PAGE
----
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 Golden Mean

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Callie
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PostSubject: Re: Golden Mean   Sat Jan 02, 2010 1:27 pm

Thanks for the article, Janet.

I guess I've gotten off track here. Whether we use the golden mean or not, do we seek it out when we look at art? Does our brain automatically try to find that pattern in the things we look at?
From the first article:

"We really want to get on, we don't want to get headaches while we are
scanning and recording and understanding things," he said. "Shapes that
resemble the golden ratio facilitate the scanning of images and their
transmission through vision organs to the brain. Animals are wired to
feel better and better when they are helped and so they feel pleasure
when they find food or shelter or a mate. When we see the proportions
in the golden ratio, we are helped. We feel pleasure and we call it
beauty."


So if an artwork or photo doesn't conform to the golden mean - does the composition feel "off". Do non-artists prefer compositions based on the GM to other compositions? Have artists just had this drilled into us so often that we do prefer it - or are we all (non-artists, everyone) genetically programmed to seek out the GM?

In the photo above, the road runs up the middle of the pic. I'm sure if I had painted that scene, there would be other artists that would tell me I should have shifted the road off-center, maybe changed the height of the tree groups or bring one forward, put one back....
I don't want to over analyze any one picture, I'm more interested in the "big picture" In general, does the author/scientist of the first article (1st post) have it right?
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judyfilarecki
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PostSubject: Re: Golden Mean   Sat Jan 02, 2010 2:23 pm

I think the article Janet put a link to, shows that there are several approaches and that the Golden Mean is not the only one that people find comfort in. Callie you used the symmetrical approach in the waterfall painting, but you also followed the rule of having things point to the focal point to draw you to it. So you followed someone else's rule and with good justification. Also as David pointed out about the road photo, you might change the contextual point of being on the road if you changed the position of the waterfall.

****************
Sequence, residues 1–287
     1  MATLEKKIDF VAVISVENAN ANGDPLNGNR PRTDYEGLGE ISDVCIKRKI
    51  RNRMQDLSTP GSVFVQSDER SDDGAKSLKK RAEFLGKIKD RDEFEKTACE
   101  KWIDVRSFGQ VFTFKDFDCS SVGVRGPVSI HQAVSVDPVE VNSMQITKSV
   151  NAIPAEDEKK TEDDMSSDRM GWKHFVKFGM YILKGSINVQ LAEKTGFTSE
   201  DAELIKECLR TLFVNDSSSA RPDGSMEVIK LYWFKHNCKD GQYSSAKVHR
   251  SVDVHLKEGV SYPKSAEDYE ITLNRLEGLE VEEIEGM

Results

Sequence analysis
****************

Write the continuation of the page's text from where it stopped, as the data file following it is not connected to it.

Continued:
Judy

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dbclemons



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PostSubject: Re: Golden Mean   Sat Jan 02, 2010 5:25 pm

Many artists have likely never heard of it or may disregard it as old fashioned. It forces a very specific framing that some would find too confining. From a cultural point of view, many people wouldn't know a golden mean from one made of pyrite. Chinese scrolls are no less beautiful without it. It would be wrong to assume that all people find it necessary or that it's a natural order of things. Any sort of design is artifical.
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Callie
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PostSubject: Re: Golden Mean   Sat Jan 02, 2010 6:00 pm

Thanks David. I had wondered if the GM theory applied to everyone, or if different cultures might see things differently. There's some pretty drastic differences in music around the world, so it would seem that there could also be differences in what people find visually pleasing.
I think I'll go for the Pyrite (golden mean lite!), if the real thing happens, it will be by chance, rather than because "that's the right way". I scrapped a plein air painting (that I liked), because some rocks in the foreground had ended up in the center of the scene - couldn't have that!
Another go at the same scene, I kept the rocks in place, off to the side and ended up with a blah scene that just begged to be gessoed over.
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Dale

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PostSubject: Re: Golden Mean   Wed Feb 03, 2010 8:52 pm

[img]http://watersolubleoils.forumotion.com/talk-about-art-painting-f13/
[/img]I found a German artist who painted quite a few centre-focused pieces, and they were great. Casper david Friedrich
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Janet
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PostSubject: Re: Golden Mean   Thu Feb 04, 2010 12:06 am

Dale, Good example! I think it looks great! Smile

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Callie
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PostSubject: Re: Golden Mean   Fri Feb 05, 2010 1:30 pm

Thank you for that example! I have that painting on a bookmark that I use all the time. Love his work! And never was aware of all the centered compositions. I think they work very well - I wouldn't say they'd be better with the subject shifted off-center. Here's another of his:
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Janet
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PostSubject: Re: Golden Mean   Fri Feb 05, 2010 4:33 pm

That's a beautiful moody painting with another great example of the focal point being in the center. He obviously knew how to break the "rules" and make it work. Smile

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Dale

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PostSubject: Re: Golden Mean   Sat Feb 06, 2010 9:39 am

I discovered his artwork when looking for a solution for one of the mystery challenges. One of the positive things about searching for artwork, you get to explore some great art
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